Get lost in reading “Project Hail Mary” this year

The cover of Project Hail Mary

Courtesy of Fair Use Image

The cover of Project Hail Mary

Andy Weir, famed author of The Martian and the somewhat lesser-known Artemis, released his third novel Project Hail Mary early this May. I took it upon myself to read it this Thanksgiving Break, and it’s one of the more fun books I’ve read this year.

Andy Weir brings his classic combination of hard science fiction and odds-defying situations to Project Hail Mary. However, this has led to criticism of Weir’s writing becoming formulaic, though admittedly I’ve never actually read The Martian so I can’t speak to the veracity of the claim. Whatever the case, this shouldn’t stop you from enjoying a solid piece of surprisingly heart-warming science fiction.

The premise of the book is somewhat simple: A man wakes up in a place he doesn’t recognize, with no idea who he is or how he got there. He soon realizes that he’s in a spacecraft, and that he’s earth’s only hope to stop an extinction level event. His other two crewmates are dead, and he’s been left on his own to discover the key to stopping an ecological disaster on Earth light-years away from home.

In the beginning of the book, most information on the setting is slowly revealed through memories. It continues to be used as a method to advance the plot, and helps to break up some of the slower parts of the book. Interestingly, in the beginning of the book I found myself constantly wanting to read more of his memories but as the book progressed, I wanted to speed through them so I could read more of the present.

It’s pretty quickly revealed that the source of Earth’s impending extinction is a thin red line arcing up from the sun down towards Venus. The sun is slowly growing dimmer and dimmer, and as it loses light the earth will be thrust into a new, potentially permanent ice age. Astronomers observed that other stars had also lost light, but all of them stabilized at 20% light loss. That would be enough loss to plunge the Earth into ecological failure and kill at least half of Earth’s near 8 billion population.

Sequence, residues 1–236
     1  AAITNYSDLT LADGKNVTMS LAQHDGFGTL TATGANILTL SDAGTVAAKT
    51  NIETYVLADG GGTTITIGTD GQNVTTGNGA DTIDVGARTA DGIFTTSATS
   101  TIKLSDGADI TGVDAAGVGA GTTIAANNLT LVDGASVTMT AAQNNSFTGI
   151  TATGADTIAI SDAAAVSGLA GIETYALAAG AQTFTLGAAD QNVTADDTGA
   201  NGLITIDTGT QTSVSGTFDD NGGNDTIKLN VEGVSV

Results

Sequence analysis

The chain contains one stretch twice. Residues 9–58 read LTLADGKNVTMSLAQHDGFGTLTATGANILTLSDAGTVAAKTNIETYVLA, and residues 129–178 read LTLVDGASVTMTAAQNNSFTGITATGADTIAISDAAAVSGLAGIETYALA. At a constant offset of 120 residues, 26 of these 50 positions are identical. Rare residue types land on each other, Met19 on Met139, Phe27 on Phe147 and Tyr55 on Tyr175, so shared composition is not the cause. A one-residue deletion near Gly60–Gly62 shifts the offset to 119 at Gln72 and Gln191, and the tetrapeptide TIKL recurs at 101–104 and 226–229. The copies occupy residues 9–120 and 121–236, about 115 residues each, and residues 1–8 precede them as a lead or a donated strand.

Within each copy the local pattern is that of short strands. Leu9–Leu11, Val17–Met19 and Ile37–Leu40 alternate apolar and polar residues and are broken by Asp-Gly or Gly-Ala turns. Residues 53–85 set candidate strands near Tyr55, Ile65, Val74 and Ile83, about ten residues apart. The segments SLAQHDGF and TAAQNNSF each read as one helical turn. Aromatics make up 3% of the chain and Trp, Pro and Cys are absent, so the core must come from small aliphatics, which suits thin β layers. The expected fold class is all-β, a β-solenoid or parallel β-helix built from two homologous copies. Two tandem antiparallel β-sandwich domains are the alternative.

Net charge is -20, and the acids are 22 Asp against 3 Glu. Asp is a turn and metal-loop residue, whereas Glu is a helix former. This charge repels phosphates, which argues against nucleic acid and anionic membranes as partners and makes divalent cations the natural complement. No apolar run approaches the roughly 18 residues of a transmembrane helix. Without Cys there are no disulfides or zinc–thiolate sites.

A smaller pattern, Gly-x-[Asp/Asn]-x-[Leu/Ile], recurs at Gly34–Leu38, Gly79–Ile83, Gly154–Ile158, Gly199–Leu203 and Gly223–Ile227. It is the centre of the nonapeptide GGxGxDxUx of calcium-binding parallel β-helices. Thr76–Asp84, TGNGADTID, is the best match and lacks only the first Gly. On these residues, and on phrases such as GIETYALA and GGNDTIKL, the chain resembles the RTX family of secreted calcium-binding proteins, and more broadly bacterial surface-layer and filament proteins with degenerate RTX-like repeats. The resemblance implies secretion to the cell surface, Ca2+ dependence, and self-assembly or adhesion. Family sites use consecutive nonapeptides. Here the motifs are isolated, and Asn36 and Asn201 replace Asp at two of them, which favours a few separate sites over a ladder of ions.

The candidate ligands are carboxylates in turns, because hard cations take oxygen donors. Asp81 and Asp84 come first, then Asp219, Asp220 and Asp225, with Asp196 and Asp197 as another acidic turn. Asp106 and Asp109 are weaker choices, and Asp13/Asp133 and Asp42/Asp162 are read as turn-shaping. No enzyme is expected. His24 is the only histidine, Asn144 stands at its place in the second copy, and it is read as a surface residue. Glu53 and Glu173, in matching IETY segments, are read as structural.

While the book begins as the story of a man slowly remembering his mission and trying to find a solution to the slow death of his planet, it gradually changes into an exploration of evolution and alien life. The way Weir deals with alien life is very compelling, and he finds creative ways to justify it existing in a way we can understand.

Project Hail Mary is a perfect book for those who love grounded science fiction. It includes detailed, (sometimes tediously long) descriptions of technologies and experiments, based on scientific fact. Though it probably helps to be somewhat nerdy about science and space travel, the book is honestly extremely compelling and gripping no matter who you are. It’s a far-fetched concept, but the science Weir includes helps to keep it grounded in reality. Project Hail Mary is a good read to sit back and get lost in one man’s fight against global extinction.